mortgagees, we do so only whenever she herself sues for her marriage portion. For it is to her personally that

we grant the privilege. D. iv. 5. 8; C. v. 13; C. viii. 18. 12. 1.

In order to enforce the restitution of a marriage portion, the actio rei uxoriæ was given; but sometimes the wife or other person entitled, not content with the remedy, stipulated with the husband for the restitution, and thus secured the power of bringing an action ex stipulatu.

In the actio rei uxorice, which was an action bona fidei, the husband could, for different reasons, make certain deductions in his restitution of the dos. He had three years in which to make restitution of all things, quæ numero, pondere, mensurave constant; he could oppose to the action the beneficium competentiæ, that is, he was only condemned to pay quantum facere potest; and he could deduct the useful as well as the necessary expenses he had incurred in managing the dotal property. (See paragr. 37.) The wife could not transmit the action to her heirs, and if her husband was deceased, and she had benefited by his testament, she could not both accept the gift under the testament, and also ask for the restitution of her portion, but was obliged to abandon either the one advantage or the other. (Ulp. Reg. 6.)

None of these drawbacks attended the action ex stipulatu. There could be no deductions, no delay in payment, no regard to the husband's power to pay. The action passed to the heirs of the wife, and she could take, in addition, anything given her by her husband's testament.

Justinian united the two actions into one. However the dos might have been given, and whether there had really been any stipulation to restore it, a tacita stipulatio was, in every case, to be supposed. The actio rei uxoriæ was to be abolished, and all actions for the restitution of a marriage portion to be brought ex stipulatu. But then, this action was treated as one bonæ fidei, and produced most of the advantages which the husband had enjoyed under the actio rei uxoriæ. He had a year in which to restore all moveables; he could claim the beneficium competentiæ, and might deduct the necessary expenses he had been put to. (See paragr. 37.) Lastly, in order to make the position of the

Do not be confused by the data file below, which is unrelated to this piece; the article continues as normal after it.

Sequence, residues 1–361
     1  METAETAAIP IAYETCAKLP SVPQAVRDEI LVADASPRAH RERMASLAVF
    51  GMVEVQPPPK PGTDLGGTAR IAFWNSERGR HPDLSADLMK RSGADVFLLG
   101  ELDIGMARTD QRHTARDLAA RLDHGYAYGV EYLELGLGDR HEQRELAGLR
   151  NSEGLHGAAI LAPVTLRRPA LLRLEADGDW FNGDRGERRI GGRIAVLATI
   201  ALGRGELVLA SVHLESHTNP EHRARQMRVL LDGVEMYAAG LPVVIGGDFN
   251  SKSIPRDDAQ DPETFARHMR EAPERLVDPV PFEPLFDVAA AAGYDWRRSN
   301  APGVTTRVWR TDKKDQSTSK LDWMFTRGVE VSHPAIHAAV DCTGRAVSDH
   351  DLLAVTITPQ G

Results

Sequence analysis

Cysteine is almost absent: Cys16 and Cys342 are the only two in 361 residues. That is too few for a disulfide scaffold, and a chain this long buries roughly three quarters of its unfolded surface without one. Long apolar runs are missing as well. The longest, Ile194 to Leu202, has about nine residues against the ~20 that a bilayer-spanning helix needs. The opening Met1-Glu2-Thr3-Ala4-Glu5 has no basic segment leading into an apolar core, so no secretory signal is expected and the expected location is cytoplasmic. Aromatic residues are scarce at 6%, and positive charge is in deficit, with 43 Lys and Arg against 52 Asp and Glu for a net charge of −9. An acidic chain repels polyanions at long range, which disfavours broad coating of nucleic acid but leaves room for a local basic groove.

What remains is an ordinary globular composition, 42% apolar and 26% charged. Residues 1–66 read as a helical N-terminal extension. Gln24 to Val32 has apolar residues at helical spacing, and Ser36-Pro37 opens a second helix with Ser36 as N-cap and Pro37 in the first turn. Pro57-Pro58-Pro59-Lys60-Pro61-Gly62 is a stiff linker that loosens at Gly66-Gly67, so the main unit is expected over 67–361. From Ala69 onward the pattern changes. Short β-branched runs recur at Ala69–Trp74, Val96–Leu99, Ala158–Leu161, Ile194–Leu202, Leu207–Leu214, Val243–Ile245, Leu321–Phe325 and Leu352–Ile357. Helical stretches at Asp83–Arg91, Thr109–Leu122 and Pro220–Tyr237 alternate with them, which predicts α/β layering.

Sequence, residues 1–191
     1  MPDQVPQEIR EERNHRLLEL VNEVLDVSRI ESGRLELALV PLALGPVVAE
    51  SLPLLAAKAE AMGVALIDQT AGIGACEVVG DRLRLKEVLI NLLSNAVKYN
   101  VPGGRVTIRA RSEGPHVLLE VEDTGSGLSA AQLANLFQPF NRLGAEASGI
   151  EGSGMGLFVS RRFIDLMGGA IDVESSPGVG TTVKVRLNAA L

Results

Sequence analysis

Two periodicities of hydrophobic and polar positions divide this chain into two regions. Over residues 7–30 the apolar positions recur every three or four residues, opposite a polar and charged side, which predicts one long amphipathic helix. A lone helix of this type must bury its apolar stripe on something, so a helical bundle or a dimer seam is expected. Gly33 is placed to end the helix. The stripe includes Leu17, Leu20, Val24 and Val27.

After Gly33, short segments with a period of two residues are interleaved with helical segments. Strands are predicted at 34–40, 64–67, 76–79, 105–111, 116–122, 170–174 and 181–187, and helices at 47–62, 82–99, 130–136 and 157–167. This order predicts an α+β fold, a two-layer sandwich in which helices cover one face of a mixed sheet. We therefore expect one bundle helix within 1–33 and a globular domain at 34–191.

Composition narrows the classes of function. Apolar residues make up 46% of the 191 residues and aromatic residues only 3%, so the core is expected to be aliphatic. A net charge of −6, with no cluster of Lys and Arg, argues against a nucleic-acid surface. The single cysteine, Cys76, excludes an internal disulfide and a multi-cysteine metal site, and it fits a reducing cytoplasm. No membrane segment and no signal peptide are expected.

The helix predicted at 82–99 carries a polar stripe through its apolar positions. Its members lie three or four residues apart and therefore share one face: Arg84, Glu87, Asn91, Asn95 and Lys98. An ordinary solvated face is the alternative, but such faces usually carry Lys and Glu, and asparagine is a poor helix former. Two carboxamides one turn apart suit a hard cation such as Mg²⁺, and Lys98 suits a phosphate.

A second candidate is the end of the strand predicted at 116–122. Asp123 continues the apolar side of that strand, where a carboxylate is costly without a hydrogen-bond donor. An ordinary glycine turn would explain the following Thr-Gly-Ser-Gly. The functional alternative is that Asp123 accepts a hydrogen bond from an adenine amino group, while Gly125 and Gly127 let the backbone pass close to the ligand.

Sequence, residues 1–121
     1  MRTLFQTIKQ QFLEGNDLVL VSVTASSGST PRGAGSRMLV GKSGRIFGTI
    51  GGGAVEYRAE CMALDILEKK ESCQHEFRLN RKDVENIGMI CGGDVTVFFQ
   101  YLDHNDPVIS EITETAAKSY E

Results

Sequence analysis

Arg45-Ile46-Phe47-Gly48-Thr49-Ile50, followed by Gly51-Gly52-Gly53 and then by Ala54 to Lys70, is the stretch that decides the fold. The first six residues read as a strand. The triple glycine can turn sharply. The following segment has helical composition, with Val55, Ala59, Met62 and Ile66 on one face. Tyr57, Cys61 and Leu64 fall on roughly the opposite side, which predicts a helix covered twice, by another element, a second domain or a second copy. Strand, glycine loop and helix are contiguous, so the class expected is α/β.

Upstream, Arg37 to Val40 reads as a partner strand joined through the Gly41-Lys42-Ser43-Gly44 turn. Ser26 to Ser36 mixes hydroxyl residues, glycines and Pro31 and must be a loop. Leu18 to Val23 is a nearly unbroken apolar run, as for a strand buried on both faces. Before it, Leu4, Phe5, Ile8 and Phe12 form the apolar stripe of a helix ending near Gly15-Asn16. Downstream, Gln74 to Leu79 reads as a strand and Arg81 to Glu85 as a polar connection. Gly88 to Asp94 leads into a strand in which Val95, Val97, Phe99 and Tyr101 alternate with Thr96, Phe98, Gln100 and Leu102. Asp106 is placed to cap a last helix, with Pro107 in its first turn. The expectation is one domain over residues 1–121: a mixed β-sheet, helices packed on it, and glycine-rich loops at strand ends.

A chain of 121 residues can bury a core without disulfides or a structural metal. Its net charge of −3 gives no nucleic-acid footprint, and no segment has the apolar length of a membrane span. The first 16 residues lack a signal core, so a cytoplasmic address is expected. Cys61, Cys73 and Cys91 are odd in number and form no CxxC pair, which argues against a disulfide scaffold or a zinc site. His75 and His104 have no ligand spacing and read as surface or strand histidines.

wife more secure, Justinian gave her an implied mortgage on the effects of her husband, taking priority over all other incumbrances -a privilege, however, personal to herself. (C. iv. 13.)

30. In bonæ fidei autem judiciis 30. In all actions bonæ fidei full libera potestas permitti videtur ju- power is given to the judge to deterdici ex bono et æquo æstimandi, mine, according to the rules of equity, quantum actori restitui debeat. In how much ought to be restored to the quo et illud continetur, ut, si quid plaintiff'; whence it follows that when invicem actorem præstare oporteat, the plaintiff also is found to be indebted eo compensato, in reliquum is, cum to the defendant, the debtor ought to quo actum est, condemnari debeat. be allowed to set off the sum due to Sed et in strictis judiciis ex rescripto him, and to be condemned only to pay divi Marci opposita doli mali excep- the difference. Even in actions stricti tione compensatio inducebatur. Sed juris, a rescript of the Emperor Marcus nostra constitutio eas compensa- permitted a set-off to be claimed, by tiones, quæ jure aperto nituntur, opposing the exception of fraud ; but latius introduxit, ut actiones ipso our constitution, when the debt due jure minuant sive in rem sive per- to the defendant is evident, has given sonales sive alias quascumque, ex- a greater latitude to claims of set-off ; cepta sola depositi actione, cui for now actions, real or personal, or of aliquid compensationis nomine op- whatever kind, are ipso jure reduced poni satis impium esse credidimus, by the claim, with the exception only ne sub prætextu compensationis de- of the action of deposit, against which positarum rerum quis exactione de we have judged it highly improper to fraudetur.